Lulu also remarried in 1907, her 1st husband's older brother James S. Cloud in Kansas City, Kansas. She remained there with her husband until February 1913 when she returned to CA at her son Archie's suggestion due to the fact she had been quite ill the previous year. She left her husband in Kansas because by then he was a bedridden invalid. His children encouraged her to go, saying they would take care of their father while she was gone. She intended to return to Kansas in Octobet 1913, but just before she was to leave for Kansas, she became ill and went to hospital and never went back to Kansas. Due to Lulu not returning to Kansas, the government refused her request for her husband's Civil War pension after his death in 1916.

Z.N. Goldsby, disappears from the Oakland City Directories in 1916 and except for a letter I have, dated 1922, where his address was Hilmar, CA, a small town near Merced in the Central Valley. I don't know how long he lived there or when his 2nd wife died, she is not listed as surviving him in his obituary. What I do know is that he died in Oakland, CA, 29 June 1925. He was buried in the Santa Cruz Memorial Cemetery along with Harriet and his daughter Lulu who died in 1924, and probably her son Freddie. I went to the Cemetery and their names are in the register, but there are no gravestones.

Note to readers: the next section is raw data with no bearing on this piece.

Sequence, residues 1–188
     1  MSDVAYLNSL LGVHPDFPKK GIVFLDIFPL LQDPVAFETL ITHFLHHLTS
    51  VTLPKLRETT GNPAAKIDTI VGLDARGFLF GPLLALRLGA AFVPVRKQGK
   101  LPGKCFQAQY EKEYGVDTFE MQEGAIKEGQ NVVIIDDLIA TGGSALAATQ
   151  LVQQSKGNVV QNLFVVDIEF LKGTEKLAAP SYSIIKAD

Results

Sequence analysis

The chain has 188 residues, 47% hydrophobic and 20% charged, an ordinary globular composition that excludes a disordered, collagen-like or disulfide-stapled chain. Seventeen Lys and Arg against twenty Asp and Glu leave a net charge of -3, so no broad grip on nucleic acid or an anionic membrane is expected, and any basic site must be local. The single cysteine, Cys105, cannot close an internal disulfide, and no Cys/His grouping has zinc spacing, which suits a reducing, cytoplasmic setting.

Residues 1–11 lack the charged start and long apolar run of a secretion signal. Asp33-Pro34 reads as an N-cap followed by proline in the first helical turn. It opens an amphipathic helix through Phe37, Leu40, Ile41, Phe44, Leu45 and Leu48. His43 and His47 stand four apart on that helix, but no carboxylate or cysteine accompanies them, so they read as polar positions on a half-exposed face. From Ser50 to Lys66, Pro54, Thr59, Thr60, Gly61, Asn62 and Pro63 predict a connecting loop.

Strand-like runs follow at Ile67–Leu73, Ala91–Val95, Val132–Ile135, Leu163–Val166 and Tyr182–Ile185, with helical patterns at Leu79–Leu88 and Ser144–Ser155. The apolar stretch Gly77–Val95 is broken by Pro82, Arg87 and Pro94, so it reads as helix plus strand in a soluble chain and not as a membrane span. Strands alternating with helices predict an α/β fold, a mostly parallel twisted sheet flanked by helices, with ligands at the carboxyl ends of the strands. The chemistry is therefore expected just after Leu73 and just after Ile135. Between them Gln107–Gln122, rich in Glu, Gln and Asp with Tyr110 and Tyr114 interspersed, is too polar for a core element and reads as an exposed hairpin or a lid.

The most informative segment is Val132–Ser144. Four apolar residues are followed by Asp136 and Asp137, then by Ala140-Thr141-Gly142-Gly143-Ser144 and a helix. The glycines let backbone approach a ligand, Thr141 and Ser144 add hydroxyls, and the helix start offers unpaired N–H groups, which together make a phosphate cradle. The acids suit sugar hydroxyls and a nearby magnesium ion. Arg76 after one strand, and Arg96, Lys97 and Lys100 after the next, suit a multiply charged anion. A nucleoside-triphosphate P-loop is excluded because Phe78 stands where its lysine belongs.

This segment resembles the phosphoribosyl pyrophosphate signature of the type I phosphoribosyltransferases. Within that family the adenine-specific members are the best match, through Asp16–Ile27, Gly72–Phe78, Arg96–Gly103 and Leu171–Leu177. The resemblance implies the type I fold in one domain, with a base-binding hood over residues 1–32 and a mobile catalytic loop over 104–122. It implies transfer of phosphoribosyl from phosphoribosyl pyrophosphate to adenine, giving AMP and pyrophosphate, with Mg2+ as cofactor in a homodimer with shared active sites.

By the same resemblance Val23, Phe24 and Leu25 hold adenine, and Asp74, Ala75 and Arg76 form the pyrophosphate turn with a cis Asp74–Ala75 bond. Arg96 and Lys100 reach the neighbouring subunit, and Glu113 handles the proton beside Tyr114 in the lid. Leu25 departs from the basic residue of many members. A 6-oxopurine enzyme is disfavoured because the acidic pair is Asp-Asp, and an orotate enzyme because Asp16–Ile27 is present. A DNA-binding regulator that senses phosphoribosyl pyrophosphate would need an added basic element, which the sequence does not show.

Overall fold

Trish Harris November 22, 1999

Editorial Notes from Robert L. Nelson (April 18, 2001)

Few members of the GAR in Santa Cruz received such attention in the press as did Zachariah N. Goldsby. He would unhesitatingly volunteer for committee work throughout the early years of the GAR. In 1881 he served as the president of the commission which was to form the Wallace Post, and later became their first Sr. Vice Commander. In 1882 he was elected as Post Commander and immediately became involved in an attempt to host the 1882 encampment, which was held in San Jose.

In 1885, seeing the need for the GAR to actively participate in the National Encampment Excursion, he served as the Chairman of that committee and was subsequently appointed National GAR aide de Camp at the San Francisco Encampment. It was during this period that he left the Wallace Post and aligned himself with the Reynolds Post where he remained very active. Over the years when major Civil War personalities, such as General O. O. Howard or General Barnes visited Santa Cruz, Goldsby would be called upon to introduce them. He was also appointed as a director of the GAR veterans home at Yountville in which capacity he served for five years. Goldsby was also instrumental in the formation of the McPherson Sons of Veterans Post, and actively participated with the WRC in their activities. Later he would serve as the Chairman of, Orator of, and Grand Marshal of Memorial Day activities.